The Meaning in the Machine, The Prison Abolitionist’s Dream, Cardi B the Bronx Queen
This Week — the algorithmic age — with Moira Weigel, Ben Tarnoff, Nick Seaver, Kade Crockford, Rob Horning, and Helena Bassil-Morozow. Listen today at 2 pm on WBUR or anytime on our website.
We came up with the idea for this week’s show over coffee with our favorite tech duo — Moira Weigel and Ben Tarnoff, the super smart super couple behind Logic Magazine. We were getting into the weeds about the tech backlash and the changes in the facebook news feed, when Moira said — what about a show about the architecture of our algorithmic world? The idea was to demystify and clarify the technology that’s governing more and more of our lives and the ideas (and ideology) that’s mapped onto it. And to have some fun of course. We caught up on the Netflix sci fi show Black Mirror; we explored the metaphysics of social media, and Chris had a very trippy conversation with the mathematician Stephen Wolfram (available Monday for our Patreon patrons).
The IQ of the people in the studio was in the Mensa range, but the message was clear: remember that humans are behind that algorithm curtain, working for large private corporations. The machines can be reprogrammed to do what we want to them to; the game is up if we let them get away with “blame the algorithm.” So the danger is passivity, laziness even, as algorithms continue to make our lives easier. Ben Tarnoff reminds us that the platforms can be democratized to challenge their vast concentration of wealth and power.
Kade Crockford, who directs the Mass. ACLU’s Technology for Liberty program, also introduced us to the work of anti-surveillance artist Adam Harvey and discussed various ways in which surveillance algorithms can be (legally) “monkey wrenched”. Her biggest lesson was to not let ourselves confuse political problems for technological problems (and vice versa). Her major case study was a recent kerfuffle around Boston Public School’s start-time scheduling. After a MIT-designed algorithmic scheduling system forced many BPS parents and their parents to radically rearrange their daily schedules, some families began to blame the algorithm itself for the inconvenience. Yet this line of critique risks ignoring the underlying problems of political economy which influenced the algorithm’s logic.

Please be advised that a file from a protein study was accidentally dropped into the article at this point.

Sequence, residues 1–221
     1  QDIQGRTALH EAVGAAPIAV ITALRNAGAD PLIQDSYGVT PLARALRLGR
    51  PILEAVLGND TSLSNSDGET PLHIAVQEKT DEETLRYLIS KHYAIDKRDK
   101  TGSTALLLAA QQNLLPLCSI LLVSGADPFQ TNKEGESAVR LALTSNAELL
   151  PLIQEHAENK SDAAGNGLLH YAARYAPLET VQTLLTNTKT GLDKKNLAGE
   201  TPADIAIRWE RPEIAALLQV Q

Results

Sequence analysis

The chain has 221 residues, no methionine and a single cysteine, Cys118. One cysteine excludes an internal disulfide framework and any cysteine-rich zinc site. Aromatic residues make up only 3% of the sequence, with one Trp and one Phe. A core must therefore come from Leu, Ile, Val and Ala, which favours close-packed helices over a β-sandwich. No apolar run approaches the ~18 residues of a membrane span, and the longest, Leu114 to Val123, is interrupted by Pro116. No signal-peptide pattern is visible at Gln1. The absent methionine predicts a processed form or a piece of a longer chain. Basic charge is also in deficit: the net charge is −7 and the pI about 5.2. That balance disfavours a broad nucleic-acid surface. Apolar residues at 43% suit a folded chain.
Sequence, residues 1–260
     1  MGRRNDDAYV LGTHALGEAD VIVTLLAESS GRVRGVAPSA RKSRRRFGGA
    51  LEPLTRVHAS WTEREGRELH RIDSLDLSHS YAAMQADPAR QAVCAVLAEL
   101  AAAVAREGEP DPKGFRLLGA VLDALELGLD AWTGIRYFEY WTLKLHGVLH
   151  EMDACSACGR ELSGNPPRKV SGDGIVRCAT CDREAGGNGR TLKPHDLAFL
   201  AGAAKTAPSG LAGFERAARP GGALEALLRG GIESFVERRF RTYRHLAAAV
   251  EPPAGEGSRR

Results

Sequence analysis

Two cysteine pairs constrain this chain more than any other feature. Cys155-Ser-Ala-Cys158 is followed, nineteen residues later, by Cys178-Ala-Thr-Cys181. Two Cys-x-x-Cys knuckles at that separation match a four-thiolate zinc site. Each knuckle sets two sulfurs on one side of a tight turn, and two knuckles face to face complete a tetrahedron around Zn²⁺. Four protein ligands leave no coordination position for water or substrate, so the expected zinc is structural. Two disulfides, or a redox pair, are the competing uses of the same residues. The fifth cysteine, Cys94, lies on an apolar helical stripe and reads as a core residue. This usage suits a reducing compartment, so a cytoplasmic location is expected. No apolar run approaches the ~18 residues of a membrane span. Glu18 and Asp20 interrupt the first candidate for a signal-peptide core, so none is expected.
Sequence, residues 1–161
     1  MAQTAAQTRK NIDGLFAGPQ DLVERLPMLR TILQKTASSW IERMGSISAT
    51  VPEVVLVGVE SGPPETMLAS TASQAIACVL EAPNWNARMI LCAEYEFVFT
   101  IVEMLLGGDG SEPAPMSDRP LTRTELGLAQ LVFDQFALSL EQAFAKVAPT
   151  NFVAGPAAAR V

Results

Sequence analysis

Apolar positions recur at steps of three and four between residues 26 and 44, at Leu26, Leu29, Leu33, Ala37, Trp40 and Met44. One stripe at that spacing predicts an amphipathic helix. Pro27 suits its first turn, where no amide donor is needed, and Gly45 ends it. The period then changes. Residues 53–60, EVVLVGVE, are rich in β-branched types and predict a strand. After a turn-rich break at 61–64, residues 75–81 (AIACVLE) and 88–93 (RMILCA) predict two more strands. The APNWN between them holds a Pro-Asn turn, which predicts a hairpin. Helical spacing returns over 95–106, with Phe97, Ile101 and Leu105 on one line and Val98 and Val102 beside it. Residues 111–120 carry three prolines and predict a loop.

Crockford and her Media Lab colleague Joi Ito recently dissected this issue in a Boston Globe titled “Don’t Blame the Algorithm for Doing What Boston Schools’ Asked”:
The new, algorithmically-generated school start times have left Boston parents asking whether the city is sacrificing their families’ needs to save public dollars.
We can imagine different scenarios producing vastly different results. For example, the city could crack down on the rate of Boston Police overtime expenditures, which totaled nearly $60 million in 2016. If city leaders reduced police overtime spending by as little as 8 percent a year, they could send students to school at developmentally appropriate times for all ages. Such a plan would enable high schools to start later without forcing elementary schools to start at 7:15, putting many families in a difficult situation. Doing so would require making different political decisions, creating different budgetary winners — and losers for whom no algorithm is likely to soothe the pain.
Algorithms, well designed, can solve problems and make things better. The important question is: Better for whom? That question needs to be decided in a transparent political process; otherwise, the algorithm will efficiently solve the wrong problem.
Listen: The Promise
Meribah Knight, the young woman who produced this podcast about a public housing project in Nashville, is an up and comer. It’s a terrific series. She’s also in the middle of her own #MeToo story and taking no prisoners.
Read: Dan Berger & Toussaint Loissier’s Rethinking the American Prison Movement
A small but growing number of Americans today are discussing the possibility of an abolitionist prison movement to end the American nightmare of mass incarceration. Many—even on the left—feel some discomfort in using the term “prison abolition,” but it’s an idea with real history behind it. Part of that history is traced in a new book by Dan Berger and Toussaint Loisier titled Rethinking the American Prison Movement—a new entry in a series from Routledge on 20th century political and social movements in the U.S.